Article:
As usual, UEFA's General Secretary, Gianni Infantino, unnecessarily prolonged the duration of the semi-finals draw for UEFA's two flagship competitions, the Europa League and the Champions League.
Once the draw for the Europa League was completed - suited with an intriguing tie between Benfica and Juventus - the anticipation peaked once again as the famed Champions League hymne took centre stage.
First, Infantino paired Real Madrid with reigning champions Bayern Munich before Luis Figo, the Champions League ambassador, ensured a semi-final clash between high-flying Atletico Madrid and Jose Mourinho's Chelsea.
Despite the undoubted strengths of this powerful Atletico side, it was probably the outcome Mourinho had preferred. In avoiding the powerhouses of Bayern and Real, a final at Lisbon, a short drive away from Mourinho's hometown of Setubal, is looking a much more viable option for the Blues.
Yet, Bayern and Real are beatable, no one more suited to inflicting defeat upon the European giants than Mourinho. Both sides are rich in attacking talent with Toni Kroos, Cristiano Ronaldo, Arjen Robben, Luka Modric and Gareth Bale just to name a few. But, typically with teams studded with technically, and supremely, gifted individuals, they have a propensity to avoid doing the dirty work.
Pep Guardiola's Bavarians were rattled at Old Trafford in their quarter-final first-leg while Real almost came unstuck in Dortmund, progressing anxiously. They have their flaws, and who more to exploit them more proficiently than Mourinho?
Lifting aloft the Champions League trophy in the back-drop of Lisbon's monumental Jeronimos Monastery with a well-documented shortage of goal-scoring strikers would undoubtedly rank as Mourinho's most incredible achievement in his illustrious managing career.
Although not the favourites, Chelsea possess the required defensive and offensive traits to triumph again, two years after that great night in Munich. They emerged from their memorable victory over Paris Saint-Germain on Tuesday evening looking a side Mourinho had imposed himself on, equally adept at attacking and defending, menacing with every venture forward whilst restricting the glided trident of Cavani, Lavezzi and Lucas Moura sufficiently.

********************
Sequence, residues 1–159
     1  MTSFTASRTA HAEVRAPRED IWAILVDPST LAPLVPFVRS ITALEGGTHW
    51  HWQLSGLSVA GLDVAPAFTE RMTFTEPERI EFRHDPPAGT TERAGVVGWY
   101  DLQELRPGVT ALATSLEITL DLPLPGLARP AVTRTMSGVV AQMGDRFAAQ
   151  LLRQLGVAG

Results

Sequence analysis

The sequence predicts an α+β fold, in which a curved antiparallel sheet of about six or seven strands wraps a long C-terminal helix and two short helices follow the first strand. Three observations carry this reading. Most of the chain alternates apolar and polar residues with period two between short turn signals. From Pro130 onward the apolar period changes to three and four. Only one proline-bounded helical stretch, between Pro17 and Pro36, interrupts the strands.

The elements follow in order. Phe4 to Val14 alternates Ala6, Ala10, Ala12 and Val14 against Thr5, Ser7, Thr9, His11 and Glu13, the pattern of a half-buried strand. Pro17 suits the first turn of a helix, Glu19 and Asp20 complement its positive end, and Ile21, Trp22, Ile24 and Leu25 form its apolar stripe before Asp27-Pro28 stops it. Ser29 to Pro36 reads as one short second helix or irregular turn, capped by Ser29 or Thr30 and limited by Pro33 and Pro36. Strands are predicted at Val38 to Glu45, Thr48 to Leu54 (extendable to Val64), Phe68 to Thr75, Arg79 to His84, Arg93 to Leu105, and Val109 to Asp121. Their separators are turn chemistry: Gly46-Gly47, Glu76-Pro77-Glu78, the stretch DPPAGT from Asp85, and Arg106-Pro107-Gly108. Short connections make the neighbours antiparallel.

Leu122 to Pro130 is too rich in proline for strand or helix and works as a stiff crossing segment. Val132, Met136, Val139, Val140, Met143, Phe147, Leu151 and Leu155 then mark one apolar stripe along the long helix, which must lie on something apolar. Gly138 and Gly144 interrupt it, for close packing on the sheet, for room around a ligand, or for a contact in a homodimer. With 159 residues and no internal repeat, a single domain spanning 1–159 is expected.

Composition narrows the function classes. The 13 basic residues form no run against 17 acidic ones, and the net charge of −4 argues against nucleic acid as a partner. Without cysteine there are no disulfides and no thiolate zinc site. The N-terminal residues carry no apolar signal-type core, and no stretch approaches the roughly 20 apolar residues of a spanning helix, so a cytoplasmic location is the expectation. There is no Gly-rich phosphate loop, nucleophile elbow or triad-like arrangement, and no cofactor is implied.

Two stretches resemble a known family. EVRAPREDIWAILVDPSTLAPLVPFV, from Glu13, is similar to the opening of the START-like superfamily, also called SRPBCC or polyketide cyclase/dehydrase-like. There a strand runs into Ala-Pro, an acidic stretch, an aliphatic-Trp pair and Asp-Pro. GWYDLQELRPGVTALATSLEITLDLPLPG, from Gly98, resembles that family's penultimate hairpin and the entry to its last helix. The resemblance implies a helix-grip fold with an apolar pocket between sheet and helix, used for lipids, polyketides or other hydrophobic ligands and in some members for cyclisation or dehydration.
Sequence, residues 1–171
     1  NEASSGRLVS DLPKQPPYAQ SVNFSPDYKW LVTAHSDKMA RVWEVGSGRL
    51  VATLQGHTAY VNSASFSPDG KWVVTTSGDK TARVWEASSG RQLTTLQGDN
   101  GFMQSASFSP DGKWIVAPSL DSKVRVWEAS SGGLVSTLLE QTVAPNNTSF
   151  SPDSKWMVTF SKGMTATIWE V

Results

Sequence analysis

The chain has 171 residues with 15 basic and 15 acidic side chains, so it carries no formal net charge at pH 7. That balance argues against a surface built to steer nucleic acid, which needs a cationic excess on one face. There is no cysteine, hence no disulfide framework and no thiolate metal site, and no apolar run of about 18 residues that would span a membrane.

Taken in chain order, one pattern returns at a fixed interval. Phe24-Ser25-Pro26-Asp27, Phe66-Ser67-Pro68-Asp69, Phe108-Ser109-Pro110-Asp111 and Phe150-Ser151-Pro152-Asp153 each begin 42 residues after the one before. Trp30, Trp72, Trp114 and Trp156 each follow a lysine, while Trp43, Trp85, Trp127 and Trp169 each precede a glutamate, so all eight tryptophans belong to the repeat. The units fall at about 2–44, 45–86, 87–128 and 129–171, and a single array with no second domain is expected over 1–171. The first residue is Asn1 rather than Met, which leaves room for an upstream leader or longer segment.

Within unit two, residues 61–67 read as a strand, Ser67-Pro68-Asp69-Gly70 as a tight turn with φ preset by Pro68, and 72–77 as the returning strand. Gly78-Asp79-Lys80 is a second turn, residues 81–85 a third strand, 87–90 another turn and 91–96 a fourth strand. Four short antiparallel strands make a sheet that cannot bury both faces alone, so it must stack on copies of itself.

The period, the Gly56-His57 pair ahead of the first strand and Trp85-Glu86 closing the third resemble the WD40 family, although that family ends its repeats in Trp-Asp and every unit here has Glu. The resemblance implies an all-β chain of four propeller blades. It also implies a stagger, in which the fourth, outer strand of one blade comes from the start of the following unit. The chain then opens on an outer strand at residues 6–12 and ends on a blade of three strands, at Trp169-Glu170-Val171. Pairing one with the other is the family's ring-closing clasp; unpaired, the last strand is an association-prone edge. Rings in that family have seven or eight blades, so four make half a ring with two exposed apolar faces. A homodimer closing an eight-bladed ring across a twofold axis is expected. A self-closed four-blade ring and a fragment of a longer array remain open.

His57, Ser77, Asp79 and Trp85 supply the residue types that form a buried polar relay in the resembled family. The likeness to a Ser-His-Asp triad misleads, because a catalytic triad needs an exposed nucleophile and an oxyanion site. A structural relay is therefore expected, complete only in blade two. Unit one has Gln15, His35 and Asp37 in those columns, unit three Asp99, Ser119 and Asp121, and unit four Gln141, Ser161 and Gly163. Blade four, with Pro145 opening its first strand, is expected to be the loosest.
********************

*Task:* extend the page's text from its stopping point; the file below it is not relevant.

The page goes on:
However, Atletico Madrid will provide a stern examination, as they've already proven. Their remarkable dismantling of the once supposedly invincible Barcelona team was evidence of the quality, work ethic and belief Diego Simeone has instilled into his players, advancing through Koke's lone strike at the Vincente Calderon stadium. Barca's star has dimmed but Atletico's are shining brighter than ever.
Their core of young, promising talent has been pivotal to their unexpected success this season, mounting a dogged challenge for the Spanish La Liga title and booking their place among Europe's elite. The likes of Koke, Diego Costa and on-loan goalkeeper Thibaut Courtois have flourished in the Rojiblanco half of Madrid and the Belgian was a doubt to play in the semi-final.
The Belgian should be permitted to face his parent club, with UEFA laws refreshingly divergent from those of the Premier League. However, cash-strapped Atletico would be forced to pay a reported £5m under terms of the loan deal before UEFA intervened, clearing the young keeper to feature.
Once beyond the strong challenge posed by Atletico, Mourinho has it in him to mastermind the downfall of either Bayern or Real Madrid at Benfica's Estadio da Luz stadium in May. He will surely extract encouragement from August's Super Cup, where 10-men Chelsea seriously troubled Bayern, with the Bavarians drawing level through Javi Martinez in the dying seconds of extra-time before Romelu Lukaku's unfortunate penalty woe.
Were Real to eliminate the all-conquering Bayern, it would be a final Mourinho would relish. He would call upon his three years at Real Madrid, along with his general wisdom and priceless experience, to win his first Champions League for his beloved Chelsea, in the back-drop of the Jeronimos Monastery.
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